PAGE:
Evidence of a plate-wide tectonic pressure pulse provided by extensometric monitoring in the Balkan Mountains (Bulgaria), Briestensky, Milos; Rowberry, Matt; Stemberk, Josef; Stefanov, Petar; Vozar, Jozef; Sebela, Stanka; Petro, Lubomir; Bella, Pavel; Gaal, Ludovit; Ormukov, Cholponbek;
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Your search for activity (Keyword) returned 366 results for the whole karstbase:
Showing 16 to 30 of 366
Observations on marked and unmarked Trichoptera in the Barehohle in Lonetal (Swabian Jura)., 1973,
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Dobat Klaus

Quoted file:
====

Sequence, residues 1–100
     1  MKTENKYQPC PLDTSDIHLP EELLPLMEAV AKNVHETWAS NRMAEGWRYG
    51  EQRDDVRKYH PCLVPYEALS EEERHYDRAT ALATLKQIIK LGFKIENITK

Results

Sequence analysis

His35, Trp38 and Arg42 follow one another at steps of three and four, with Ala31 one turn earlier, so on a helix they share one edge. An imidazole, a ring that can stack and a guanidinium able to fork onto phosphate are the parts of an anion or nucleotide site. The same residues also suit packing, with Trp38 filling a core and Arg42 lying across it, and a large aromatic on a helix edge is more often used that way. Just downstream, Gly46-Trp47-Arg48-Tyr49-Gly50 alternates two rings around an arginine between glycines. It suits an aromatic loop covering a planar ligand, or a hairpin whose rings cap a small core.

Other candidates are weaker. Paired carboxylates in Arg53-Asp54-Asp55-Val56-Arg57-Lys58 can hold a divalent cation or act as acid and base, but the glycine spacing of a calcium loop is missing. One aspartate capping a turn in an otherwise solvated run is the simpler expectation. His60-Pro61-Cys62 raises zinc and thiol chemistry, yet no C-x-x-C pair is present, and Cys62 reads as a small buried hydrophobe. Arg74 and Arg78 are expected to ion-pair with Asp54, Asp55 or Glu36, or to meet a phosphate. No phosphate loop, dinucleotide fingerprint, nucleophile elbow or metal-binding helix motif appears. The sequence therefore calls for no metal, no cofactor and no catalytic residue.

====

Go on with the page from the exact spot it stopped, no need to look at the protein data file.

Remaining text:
1.The Brenhhle, one of the ten caves situated in the episodically water-bearing valley of the Lone (Swabian Jura), serves as summer quarters for the total of ten species of Trichoptera, most of which are Micropterna nycterobia and Stenophylax permistus. 2.Counts carried out in this cave from 1967-1972 and observations of flood and dry-periods of the Lone during the same years make evident that the number of Trichoptera flying into the cave seems to depend in a large measure on the seasonal activity of the creek: a steady flow of water makes the undisturbed development of larvae possible and results in high numbers of individuals entering by air, while intermittent water-flow disturbs the development of the larvae and results in few individuals entering. 3.Such factors as darkness, humidity, and temperature which cause or favour the active entrance by air of Trichoptera into the cave as well as the "diapause" taking place in the subterranean region are considered. 4.Dynamically climatized caves or caves which are too small are rarely occupied by Trichoptera; they evidently prefer larger caves with climatically balanced regions (comparatively low temperatures and high atmospheric moisture) not too far from the entrance. 5.Trichoptera start flying into the Barenhohle generally in May; the highest number of individuals and copulating couples may be found as early as July. They start flying out by the end of July or in August/September, the last of them leaving the cave generally in September or October. 6.Two attempts at marking (on 28th June all Trichoptera to be found in the cave were marked with black ink, on 4th July all yet unmarked with red ink) gave better evidence of their disposition and time of copulation as well as of the number of arriving unmarked and departing marked specimens. 7.The Trichoptera marked with black ink stayed in the cave for a maximum of 85 days, the ones marked with red ink for a maximum of 79 days. Food intake was not observed during this period, and there was no indication of the insects' leaving the cave during their diapause. 8.Trichoptera are characterized by a remarkably long time of copulation: a specimen marked twice was in copula for 22 days, and before copulation it had been in the cave for 49 days.